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From "Mark Masterson" <m.master...@computer.org>
Subject RE: conversion patterns and caller class information
Date Sun, 06 Jun 2004 16:04:12 GMT
Hi Jake,

>>In each class that will use the monitor, I just provide a Monitor instance
variable.  I don't create the monitor in the class itself as is the normal
Log4j usage.<<

Yeah, okay, that makes sense for the *component*.  But how do you deal with
the chicken-and-egg problems that you're inevitably confronted with in the
*container*?

Specifically, how do you deal with a need for the container to be able to do
things like logging during its *own* start-up and initialisation?  Who tells
the container how to log?

Once the container is up and running, the Monitor interface idea would
obviously work, but the container still has the original problem.  Arguably,
this is an appreciable gain, in and of itself - rather than 20 components
all individually having to worry about how to log while they're getting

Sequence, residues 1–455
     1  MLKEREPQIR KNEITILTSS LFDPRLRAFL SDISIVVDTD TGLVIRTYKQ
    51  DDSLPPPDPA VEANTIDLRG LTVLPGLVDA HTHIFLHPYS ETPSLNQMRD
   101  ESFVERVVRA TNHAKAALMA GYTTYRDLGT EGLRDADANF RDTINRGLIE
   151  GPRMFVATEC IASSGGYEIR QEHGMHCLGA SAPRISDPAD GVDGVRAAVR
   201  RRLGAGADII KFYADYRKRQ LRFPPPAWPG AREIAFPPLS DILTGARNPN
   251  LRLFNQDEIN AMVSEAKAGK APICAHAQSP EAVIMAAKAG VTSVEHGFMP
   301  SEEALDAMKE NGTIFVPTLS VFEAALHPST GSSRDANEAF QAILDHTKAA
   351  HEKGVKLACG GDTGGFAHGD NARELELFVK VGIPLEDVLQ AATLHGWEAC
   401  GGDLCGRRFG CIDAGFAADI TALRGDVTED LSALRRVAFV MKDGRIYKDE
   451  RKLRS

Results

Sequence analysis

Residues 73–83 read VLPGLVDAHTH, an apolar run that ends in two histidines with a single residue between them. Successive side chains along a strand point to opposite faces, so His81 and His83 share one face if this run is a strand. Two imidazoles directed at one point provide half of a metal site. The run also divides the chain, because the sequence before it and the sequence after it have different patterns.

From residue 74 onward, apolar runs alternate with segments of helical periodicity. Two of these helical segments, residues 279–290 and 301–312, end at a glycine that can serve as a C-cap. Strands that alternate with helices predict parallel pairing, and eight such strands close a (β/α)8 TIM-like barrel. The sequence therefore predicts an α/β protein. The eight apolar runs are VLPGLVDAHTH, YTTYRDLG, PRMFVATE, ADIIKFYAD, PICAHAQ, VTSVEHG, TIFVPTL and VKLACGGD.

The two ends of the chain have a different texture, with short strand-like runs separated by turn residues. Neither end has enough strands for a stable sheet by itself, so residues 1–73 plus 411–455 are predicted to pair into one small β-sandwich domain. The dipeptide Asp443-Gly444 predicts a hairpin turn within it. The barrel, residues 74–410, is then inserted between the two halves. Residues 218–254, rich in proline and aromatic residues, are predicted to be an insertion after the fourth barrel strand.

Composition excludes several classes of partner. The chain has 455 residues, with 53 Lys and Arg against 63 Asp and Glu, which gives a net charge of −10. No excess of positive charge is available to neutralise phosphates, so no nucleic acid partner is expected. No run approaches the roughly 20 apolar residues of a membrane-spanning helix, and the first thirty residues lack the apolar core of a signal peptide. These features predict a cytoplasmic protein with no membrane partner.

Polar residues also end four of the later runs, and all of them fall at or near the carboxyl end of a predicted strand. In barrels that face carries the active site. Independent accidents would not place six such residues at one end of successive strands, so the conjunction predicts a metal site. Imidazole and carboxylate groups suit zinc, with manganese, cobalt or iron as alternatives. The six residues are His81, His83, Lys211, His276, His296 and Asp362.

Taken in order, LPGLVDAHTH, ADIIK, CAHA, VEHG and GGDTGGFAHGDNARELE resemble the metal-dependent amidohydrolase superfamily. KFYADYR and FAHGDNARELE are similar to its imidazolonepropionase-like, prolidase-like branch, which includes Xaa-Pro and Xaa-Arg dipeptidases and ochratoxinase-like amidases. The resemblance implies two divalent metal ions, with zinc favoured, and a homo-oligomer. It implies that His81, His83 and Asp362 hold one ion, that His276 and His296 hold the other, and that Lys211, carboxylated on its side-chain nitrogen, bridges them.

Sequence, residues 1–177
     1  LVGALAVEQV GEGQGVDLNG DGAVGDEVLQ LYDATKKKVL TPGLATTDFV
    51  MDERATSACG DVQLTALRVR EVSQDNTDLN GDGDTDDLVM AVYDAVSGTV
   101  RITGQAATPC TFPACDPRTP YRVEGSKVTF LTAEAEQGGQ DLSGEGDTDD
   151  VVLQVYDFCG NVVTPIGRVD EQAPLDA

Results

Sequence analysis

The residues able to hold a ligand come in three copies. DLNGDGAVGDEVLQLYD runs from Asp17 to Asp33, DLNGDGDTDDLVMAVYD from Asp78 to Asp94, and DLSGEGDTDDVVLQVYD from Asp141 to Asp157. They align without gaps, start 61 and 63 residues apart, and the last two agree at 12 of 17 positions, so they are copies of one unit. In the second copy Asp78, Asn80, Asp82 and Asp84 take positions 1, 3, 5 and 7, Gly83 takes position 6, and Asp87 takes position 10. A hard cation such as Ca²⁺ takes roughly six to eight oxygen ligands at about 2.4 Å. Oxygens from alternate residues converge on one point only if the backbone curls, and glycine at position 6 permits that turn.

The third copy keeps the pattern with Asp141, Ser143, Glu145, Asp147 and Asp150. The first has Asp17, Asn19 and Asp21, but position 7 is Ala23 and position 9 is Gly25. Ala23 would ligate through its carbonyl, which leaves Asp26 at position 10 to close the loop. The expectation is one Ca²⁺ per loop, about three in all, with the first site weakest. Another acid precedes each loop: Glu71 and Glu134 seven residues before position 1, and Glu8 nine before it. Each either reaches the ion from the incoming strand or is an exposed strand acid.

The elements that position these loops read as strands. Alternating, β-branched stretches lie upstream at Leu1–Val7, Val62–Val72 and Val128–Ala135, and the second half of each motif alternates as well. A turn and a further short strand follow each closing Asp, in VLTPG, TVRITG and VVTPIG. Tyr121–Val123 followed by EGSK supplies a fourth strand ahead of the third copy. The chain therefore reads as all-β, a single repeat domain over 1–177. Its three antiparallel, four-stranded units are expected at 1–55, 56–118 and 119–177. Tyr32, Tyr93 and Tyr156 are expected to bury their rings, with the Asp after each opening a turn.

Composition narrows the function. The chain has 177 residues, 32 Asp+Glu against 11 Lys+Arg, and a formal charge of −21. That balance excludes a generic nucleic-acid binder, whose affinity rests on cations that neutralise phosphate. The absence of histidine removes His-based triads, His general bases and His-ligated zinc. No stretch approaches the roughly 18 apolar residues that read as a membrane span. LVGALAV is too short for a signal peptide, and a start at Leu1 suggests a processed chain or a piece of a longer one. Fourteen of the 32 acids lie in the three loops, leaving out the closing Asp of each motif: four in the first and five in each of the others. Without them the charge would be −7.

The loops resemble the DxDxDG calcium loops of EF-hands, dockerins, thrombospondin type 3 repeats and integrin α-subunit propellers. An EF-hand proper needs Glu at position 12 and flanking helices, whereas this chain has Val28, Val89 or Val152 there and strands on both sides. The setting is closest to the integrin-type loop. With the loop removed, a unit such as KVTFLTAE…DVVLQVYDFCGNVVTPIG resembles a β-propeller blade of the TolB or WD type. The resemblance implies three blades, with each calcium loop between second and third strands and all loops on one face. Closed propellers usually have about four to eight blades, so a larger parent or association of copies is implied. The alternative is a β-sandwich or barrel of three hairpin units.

their feet under them, now only the container has to deal with such issues.
But the issues are still there...  Aren't they?

Hmmm...  I suppose you could design Monitor implementations such that they
could be instantiated cleanly via reflection, and then one would just have
to have some meta-data source somewhere (properties file, deployment
descriptor, whatever) where one configured a property for the container's
"logging monitor"... But if one does this, I don't see how such a solution
is fundamentally different from the following, which is alleged to be a "bad
smell" on Pico Container's Web site...

public class AppleImpl implements Apple {
  private static Orange orange = OrangeFactory.getOrange();
  public Apple() {
  }
  // other methods
}

Presumably, in this solution, "OrangeFactory" is reading the above-mentioned
meta-data source to find out what sort of "OrangeImpl" to create, and then
using reflection to do so.  So, if the container uses a similar trick to
parameterise its own, internal logging, isn't it still suffering from a bad
smell?

Cheers,
Mark


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